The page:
‘No Criminality’ Found: CBI Informs Supreme Court On Its Probe Into Niira Radia Tapes Case

New Delhi: The Central Bureau of Investigation on Wednesday informed the Supreme Court that it has found “no criminality” in its investigation into the Niira Radia tapes case, reported news agency ANI. The federal probe agency has been investigating into the contents of the transcripts of tappped conversation between former corporate lobbyist Niira Radia and politicians, lawyer, journalists, and industrialists. 

The apex court directed the CBI to file a status report on the investigation into Radia’s tapped conversations. 

A three-judge bench headed by Justice D Y Chandrachud was hearing a plea by industrialist Ratan Tata who sought protection of right to privacy after Niira Radia tapes emerged. 

“We will have it after the vacations as there is a Constitution Bench next week. Meanwhile, the CBI may file an updated status report,” said the bench also comprising Justices Hima Kohli and P S Narasimha.

The matter has been listed for next hearing on October 12. Additional Solicitor General Aishwarya Bhati, appearing for the Centre, submitted that the petition may be disposed of in the light of the right to privacy judgement of the apex court.

The apex court in 2017 has unanimously delivered its judgment in Justice (retd) K.S. Puttaswamy case, holding that privacy is a constitutionally protected right.

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“I must inform you that the CBI was directed by your lordship to investigate all these conversations. Fourteen preliminary inquiries were registered and the report was placed before your lordships in a sealed cover. No criminality was found in those. Also, now there are phone-tapping guidelines in place,” Bhati said.

At the outset, the counsel, appearing for Tata, sought an adjournment.

Bhati said nothing remains in the matter after the privacy judgment.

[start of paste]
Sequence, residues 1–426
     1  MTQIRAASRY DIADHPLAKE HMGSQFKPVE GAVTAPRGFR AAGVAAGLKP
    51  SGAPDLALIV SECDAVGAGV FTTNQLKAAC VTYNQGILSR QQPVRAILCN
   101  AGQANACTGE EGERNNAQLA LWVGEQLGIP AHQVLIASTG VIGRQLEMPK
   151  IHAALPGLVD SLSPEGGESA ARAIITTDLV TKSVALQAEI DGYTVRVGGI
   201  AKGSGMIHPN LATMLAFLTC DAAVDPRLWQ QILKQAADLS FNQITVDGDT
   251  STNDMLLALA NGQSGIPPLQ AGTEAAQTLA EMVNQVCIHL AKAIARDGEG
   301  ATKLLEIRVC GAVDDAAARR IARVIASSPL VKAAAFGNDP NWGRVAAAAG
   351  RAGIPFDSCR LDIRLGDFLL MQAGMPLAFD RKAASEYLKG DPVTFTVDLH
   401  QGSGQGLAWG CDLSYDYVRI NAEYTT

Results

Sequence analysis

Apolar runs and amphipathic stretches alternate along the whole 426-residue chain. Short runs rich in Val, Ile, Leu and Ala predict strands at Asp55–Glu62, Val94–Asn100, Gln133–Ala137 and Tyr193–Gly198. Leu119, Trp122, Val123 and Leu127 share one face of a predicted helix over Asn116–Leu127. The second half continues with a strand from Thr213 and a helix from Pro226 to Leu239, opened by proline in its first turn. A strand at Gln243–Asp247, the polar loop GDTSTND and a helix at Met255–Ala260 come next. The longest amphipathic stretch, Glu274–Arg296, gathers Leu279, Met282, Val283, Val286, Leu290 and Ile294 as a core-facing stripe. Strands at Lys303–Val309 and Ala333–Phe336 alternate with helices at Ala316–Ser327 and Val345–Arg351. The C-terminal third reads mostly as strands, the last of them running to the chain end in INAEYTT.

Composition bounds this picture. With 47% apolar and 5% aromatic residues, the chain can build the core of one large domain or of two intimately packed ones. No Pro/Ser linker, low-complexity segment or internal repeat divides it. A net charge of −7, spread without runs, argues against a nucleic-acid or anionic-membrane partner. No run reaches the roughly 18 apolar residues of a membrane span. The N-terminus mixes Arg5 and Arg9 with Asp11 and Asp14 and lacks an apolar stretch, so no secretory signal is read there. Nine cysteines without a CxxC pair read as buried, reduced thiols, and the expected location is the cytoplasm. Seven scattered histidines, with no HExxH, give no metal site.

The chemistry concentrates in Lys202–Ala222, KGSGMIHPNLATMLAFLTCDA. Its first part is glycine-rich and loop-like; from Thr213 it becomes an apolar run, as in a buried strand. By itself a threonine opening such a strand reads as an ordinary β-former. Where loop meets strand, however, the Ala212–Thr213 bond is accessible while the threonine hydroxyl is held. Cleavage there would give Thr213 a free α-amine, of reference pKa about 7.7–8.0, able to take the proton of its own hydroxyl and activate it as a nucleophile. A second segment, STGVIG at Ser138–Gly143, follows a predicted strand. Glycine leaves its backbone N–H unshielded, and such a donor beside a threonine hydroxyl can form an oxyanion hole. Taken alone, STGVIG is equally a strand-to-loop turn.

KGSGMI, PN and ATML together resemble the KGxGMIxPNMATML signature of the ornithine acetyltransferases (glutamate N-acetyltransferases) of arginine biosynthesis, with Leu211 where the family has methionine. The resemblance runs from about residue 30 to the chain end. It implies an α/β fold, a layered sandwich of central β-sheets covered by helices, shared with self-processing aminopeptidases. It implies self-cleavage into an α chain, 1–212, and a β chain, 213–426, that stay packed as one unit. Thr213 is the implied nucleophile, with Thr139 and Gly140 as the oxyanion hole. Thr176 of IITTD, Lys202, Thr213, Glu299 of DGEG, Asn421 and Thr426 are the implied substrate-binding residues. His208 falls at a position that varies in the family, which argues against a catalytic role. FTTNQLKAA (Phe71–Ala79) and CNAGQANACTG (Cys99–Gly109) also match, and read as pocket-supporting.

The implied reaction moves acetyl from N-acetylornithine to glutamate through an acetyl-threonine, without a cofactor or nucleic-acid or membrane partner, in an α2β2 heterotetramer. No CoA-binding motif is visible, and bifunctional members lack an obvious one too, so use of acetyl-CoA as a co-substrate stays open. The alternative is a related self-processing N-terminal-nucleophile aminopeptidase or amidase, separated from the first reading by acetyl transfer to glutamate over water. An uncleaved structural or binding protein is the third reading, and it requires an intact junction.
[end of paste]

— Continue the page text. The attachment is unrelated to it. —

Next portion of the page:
The counsel for the petitioner informed the apex court that there is another petition filed by NGO Centre for Public Interest Litigation (CPIL), which had sought that these transcripts be made public in the larger public interest.

Advocate Prashant Bhushan, appearing for the CPIL, said Radia was a corporate lobbyist for two of the most important companies and there were attempts to influence public persons etc. which was revealed.

The top court was hearing Tata’s petition seeking action against those involved in the leakage of the tapes alleging the leakage amounts to infringement of his fundamental right to life, which includes the right to privacy under Article 21 of the Constitution.

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He had contended that as a corporate lobbyist Radia’s phone was tapped for probing alleged tax evasion and the tapes cannot be used for any other purpose.

Radia’s conversation with politicians, lawyers, journalists, and industrialists recorded by the Central Board of Direct Taxes between 2008 and 2012 had created a stir in the country. 

The CBDT had tapped Radia’s phone as part of surveillance after a complaint was received by the then Finance Minister on November 16, 2007 where it was alleged that with a span of nine years, the corporate lobbyist had established a business empire worth Rupees 300 crore. 

Among the petitions filed in connection with this case, one was submitted by former Tata Sons chairman Ratan Tata who claimed that some of those conversations, being private in nature, should not have been leaked to the public.

(With inputs from PTI)